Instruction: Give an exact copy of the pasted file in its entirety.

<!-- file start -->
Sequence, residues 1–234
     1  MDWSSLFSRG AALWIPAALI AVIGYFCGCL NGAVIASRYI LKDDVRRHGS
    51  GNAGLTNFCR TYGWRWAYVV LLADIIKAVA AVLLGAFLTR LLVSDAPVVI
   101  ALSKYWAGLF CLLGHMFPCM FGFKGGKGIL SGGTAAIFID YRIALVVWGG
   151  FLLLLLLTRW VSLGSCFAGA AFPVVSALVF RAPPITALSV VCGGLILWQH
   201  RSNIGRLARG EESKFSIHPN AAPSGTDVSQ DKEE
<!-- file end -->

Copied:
Sequence, residues 1–234
     1  MDWSSLFSRG AALWIPAALI AVIGYFCGCL NGAVIASRYI LKDDVRRHGS
    51  GNAGLTNFCR TYGWRWAYVV LLADIIKAVA AVLLGAFLTR LLVSDAPVVI
   101  ALSKYWAGLF CLLGHMFPCM FGFKGGKGIL SGGTAAIFID YRIALVVWGG
   151  FLLLLLLTRW VSLGSCFAGA AFPVVSALVF RAPPITALSV VCGGLILWQH
   201  RSNIGRLARG EESKFSIHPN AAPSGTDVSQ DKEE